The tech sector has been a bright spot in the markets this year, but now analysts at Morgan Stanley are dialing back their expectations.
The S&P 500 tech sector has appreciated by about 11% year-to-date, but now Morgan Stanley is recommending investors lower their broad exposure to the sector in the near term, or at the very least, hedge sector exposure into earnings season as part of the bank’s overall call for investors to become more “defensive” with their holdings.
Morgan Stanley analysts say they have held the view all year that a more defensive rotation was forthcoming at some point – and they say that point is now.
They downgraded the technology sector to underweight, commenting in a U.S. Equity Strategy note that, “We think a lot of the positive fundamentals have been reflected in the price.”
“Tech will not forever be immune from the changing attitudes toward risk assets we are seeing across markets and think the sector may have benefitted from a false sense of security the past few months,” the bank said in its note.
The analysts acknowledged that strong earnings growth has been driving the performance of the sector, but that it’s become crowded with investors.
The analysts caution that earnings growth may already be priced in with consensus projections for 25% year-over-year growth in earnings in the second quarter of 2018. While these numbers may be achievable, they don’t see much room to meaningfully surprise to the upside.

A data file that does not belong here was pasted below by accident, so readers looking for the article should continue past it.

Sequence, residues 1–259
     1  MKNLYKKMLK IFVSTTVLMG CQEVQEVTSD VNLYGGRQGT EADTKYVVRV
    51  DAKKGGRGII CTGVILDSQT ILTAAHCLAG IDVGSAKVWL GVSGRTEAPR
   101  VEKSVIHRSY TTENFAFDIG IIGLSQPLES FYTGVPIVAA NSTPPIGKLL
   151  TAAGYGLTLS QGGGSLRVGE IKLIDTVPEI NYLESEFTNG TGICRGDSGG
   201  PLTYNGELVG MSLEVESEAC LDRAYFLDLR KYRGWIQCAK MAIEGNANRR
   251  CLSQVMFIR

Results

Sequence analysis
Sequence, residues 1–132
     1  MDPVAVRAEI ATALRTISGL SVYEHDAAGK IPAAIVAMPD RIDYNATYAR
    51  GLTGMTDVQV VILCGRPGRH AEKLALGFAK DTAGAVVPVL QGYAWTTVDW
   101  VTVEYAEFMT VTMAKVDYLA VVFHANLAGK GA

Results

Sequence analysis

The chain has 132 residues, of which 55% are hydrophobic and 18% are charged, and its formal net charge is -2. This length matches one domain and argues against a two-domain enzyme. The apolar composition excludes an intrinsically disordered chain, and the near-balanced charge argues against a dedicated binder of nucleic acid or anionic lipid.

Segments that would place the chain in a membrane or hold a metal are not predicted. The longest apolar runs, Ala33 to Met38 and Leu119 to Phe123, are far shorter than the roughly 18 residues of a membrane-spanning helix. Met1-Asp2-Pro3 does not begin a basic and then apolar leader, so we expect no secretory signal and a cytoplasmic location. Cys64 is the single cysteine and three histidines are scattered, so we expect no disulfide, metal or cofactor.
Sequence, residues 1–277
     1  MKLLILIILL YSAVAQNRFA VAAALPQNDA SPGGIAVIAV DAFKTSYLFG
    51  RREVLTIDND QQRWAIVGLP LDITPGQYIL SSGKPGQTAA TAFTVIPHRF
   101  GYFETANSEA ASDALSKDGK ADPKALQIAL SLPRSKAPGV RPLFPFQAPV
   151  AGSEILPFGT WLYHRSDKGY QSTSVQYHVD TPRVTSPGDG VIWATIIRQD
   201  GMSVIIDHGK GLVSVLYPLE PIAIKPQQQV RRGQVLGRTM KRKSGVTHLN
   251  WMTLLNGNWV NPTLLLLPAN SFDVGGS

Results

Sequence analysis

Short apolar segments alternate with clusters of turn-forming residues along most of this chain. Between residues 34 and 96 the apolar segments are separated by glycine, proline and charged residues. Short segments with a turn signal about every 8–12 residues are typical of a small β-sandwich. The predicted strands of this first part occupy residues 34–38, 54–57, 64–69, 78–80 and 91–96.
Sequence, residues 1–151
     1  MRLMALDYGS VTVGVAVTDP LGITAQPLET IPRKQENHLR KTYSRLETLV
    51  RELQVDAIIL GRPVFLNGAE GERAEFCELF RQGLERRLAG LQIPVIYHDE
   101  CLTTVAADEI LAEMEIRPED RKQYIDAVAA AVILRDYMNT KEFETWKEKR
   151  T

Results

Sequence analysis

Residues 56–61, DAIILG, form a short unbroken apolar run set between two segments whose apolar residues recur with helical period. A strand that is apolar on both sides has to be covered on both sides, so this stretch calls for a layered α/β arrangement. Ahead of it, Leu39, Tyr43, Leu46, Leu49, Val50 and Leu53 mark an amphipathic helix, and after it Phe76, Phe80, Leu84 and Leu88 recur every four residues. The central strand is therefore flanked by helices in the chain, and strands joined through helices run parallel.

Trade and tariff risks could also hurt the sector, noting that, “Perhaps no sector in the global economy has benefitted as much from low trade barriers as tech.”
With trade barriers on the rise there is rising risk of operational hurdles and rising costs that may pressure the tech supply chain. Tech broadly has the highest revenue exposure to China. Morgan Stanley analysts expect management teams will be forced to address trade issues when reporting results, creating a risk to guidance and projected earnings growth.
As part of their recommended defensive rotation, the analysts also downgraded small caps to equal weight and upgraded the consumer staples and telecom services sectors to equal weight from underweight.